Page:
Dental assistants in lab coats perform a large variety of patient care, laboratory, and office duties. They work next to dentists as they examine and treat the patients. They are not the same thing as dental hygienists, who have licenses to perform clinical tasks. They make their patients as comfortable as possible in their dental chairs, they obtain their dental records and they prepare the patients for treatment. They hand materials and instruments to dentists, and they keep the patients’ mouths clear and dry by using suction and drying devices. They also disinfect and sterilize equipment and instruments, prepare the trays of instruments used in dental procedures, and instruct the patients in oral health care. They prepare the materials for restorations and impressions, take dental x-rays and process the x-ray film. They remove sutures, remove excess cement used during the filling process, apply topical anesthetics or cavity preventing agents to the teeth and gums, and place rubber dams on teeth to isolate them so they can be treated individually.
Dental assistants with laboratory skills make casts of the mouth and teeth from impressions, make temporary crowns, and clean and polish removable dental appliances. They also schedule and confirm patients’ appointments, receive the patients, keep their treatment records, send bills and receive payments, and order dental materials and supplies.
Dental assistants work in dental scrubs in clean, well-lighted environments. They must wear masks, gloves, eyewear, and protective clothing to protect themselves and the patients from infectious diseases. They must follow strict safety procedures to reduce the risks associated with working with x-ray machines. About half work from 35 to 40 hours weekly, and may have to work evenings or Saturdays. In 2002 there were over a quarter of a million in the country, almost all of whom worked in dentists’ offices. A minority worked in physicians’ offices, hospitals, or educational services. About a third worked part-time, sometimes in several dental offices. Job prospects should be excellent, since it is expected that dentists will hire more assistants for performing routine tasks so that they can devote their time to more profitable activities.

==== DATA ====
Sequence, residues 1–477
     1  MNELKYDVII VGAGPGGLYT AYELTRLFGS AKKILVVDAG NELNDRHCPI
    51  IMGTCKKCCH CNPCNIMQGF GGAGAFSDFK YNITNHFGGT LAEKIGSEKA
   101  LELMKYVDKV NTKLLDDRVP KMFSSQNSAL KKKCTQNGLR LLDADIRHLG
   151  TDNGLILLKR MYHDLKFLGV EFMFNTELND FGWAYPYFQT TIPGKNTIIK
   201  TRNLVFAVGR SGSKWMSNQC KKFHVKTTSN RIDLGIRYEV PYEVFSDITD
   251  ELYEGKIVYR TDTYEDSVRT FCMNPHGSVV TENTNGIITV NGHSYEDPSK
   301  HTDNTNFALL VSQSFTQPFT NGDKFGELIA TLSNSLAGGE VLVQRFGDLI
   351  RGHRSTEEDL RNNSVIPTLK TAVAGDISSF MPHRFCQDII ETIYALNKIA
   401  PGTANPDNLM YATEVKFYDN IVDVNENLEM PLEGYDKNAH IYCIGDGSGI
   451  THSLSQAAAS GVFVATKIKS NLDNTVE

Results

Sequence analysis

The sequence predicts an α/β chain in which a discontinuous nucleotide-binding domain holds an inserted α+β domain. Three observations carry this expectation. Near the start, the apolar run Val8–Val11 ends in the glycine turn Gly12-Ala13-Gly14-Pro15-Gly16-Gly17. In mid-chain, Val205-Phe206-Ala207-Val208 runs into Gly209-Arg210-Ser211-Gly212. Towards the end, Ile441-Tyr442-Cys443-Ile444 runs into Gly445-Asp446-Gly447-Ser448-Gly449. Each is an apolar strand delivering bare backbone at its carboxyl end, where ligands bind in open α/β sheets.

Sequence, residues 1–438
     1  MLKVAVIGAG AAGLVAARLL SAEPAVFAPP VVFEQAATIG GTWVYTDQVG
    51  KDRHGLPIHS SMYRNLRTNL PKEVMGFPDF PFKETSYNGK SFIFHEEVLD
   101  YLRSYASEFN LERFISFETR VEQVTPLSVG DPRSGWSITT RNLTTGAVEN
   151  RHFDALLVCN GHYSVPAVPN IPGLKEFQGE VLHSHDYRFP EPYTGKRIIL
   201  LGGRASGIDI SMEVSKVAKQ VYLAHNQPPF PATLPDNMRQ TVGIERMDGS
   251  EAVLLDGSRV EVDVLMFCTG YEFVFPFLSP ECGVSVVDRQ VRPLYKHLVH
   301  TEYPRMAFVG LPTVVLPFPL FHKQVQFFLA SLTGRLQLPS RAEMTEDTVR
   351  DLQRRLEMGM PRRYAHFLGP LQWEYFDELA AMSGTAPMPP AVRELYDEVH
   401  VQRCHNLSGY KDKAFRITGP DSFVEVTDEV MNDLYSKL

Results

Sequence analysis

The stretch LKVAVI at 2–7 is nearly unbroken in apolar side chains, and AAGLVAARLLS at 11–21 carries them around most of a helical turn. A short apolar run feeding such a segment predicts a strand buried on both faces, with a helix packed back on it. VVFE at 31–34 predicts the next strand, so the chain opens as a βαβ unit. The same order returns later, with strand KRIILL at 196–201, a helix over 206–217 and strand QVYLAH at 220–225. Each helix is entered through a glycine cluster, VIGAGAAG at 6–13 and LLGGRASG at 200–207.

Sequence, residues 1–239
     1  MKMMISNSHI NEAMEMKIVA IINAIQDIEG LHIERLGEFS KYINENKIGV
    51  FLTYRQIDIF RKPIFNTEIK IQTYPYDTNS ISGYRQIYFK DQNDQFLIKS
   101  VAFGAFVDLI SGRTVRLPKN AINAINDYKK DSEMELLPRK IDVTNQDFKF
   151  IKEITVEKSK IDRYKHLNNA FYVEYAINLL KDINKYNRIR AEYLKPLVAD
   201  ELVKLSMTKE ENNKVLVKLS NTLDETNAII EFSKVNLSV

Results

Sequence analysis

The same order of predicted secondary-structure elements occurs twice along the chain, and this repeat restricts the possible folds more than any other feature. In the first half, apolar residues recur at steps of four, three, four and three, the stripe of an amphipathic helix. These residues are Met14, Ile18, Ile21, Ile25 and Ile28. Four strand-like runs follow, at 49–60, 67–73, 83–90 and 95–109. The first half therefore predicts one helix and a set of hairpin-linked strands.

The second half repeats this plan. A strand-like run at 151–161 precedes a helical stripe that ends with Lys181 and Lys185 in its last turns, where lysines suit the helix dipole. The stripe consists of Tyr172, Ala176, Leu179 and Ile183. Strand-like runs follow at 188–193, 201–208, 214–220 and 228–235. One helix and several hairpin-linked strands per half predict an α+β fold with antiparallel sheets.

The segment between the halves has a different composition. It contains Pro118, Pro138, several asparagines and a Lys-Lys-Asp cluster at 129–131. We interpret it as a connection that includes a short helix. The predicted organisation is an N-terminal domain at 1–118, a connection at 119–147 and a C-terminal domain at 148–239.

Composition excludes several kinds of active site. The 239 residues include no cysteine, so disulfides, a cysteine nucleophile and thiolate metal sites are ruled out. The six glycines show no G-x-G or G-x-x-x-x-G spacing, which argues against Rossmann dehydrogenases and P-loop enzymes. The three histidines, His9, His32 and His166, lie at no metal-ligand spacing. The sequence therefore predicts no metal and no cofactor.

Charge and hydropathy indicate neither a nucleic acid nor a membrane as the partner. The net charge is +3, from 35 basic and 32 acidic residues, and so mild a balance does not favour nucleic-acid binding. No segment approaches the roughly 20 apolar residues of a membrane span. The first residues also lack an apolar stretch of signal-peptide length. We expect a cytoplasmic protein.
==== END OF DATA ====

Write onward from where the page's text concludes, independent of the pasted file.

Most learn on the job, although increasingly thry train in dental assisting programs which can be completed in a year or less and are offered by junior and community colleges, technical institutes, vocational and trade schools, and the armed forces. In 2002 there were over 250 dental assisting programs accredited by the American Dental Association’s Commission on Dental Accreditation. The programs include classroom study, laboratory work, and pre-clinical instruction in the theory and skills needed in dental assisting. Besides the one-year programs, some junior and community colleges offer two-year dental assisting programs which lead to associate degrees. Most states require dental assistants in Landau uniforms to be licensed or registered, which may require passing written and practical examinations. Many states also require continuing education in order to maintain licensure.